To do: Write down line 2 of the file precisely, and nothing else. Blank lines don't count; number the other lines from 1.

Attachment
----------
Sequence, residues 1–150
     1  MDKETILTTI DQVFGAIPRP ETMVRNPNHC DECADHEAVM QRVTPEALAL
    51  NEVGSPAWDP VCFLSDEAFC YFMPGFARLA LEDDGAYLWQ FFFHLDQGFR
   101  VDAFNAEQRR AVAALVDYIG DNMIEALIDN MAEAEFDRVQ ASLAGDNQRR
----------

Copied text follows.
     1  MDKETILTTI DQVFGAIPRP ETMVRNPNHC DECADHEAVM QRVTPEALAL